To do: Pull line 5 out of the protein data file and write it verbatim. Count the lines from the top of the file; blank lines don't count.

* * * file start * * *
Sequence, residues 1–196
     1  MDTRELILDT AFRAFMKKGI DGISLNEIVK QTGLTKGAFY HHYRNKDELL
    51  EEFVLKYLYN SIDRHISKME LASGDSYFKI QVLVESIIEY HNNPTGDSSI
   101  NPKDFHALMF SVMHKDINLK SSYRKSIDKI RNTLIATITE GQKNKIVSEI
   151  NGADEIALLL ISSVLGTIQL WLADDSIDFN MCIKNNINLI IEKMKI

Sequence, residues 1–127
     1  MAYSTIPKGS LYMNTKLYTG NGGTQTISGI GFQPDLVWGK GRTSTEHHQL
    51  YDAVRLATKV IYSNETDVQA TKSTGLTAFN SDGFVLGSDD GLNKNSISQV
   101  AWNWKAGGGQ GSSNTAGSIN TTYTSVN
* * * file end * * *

   151  NGADEIALLL ISSVLGTIQL WLADDSIDFN MCIKNNINLI IEKMKI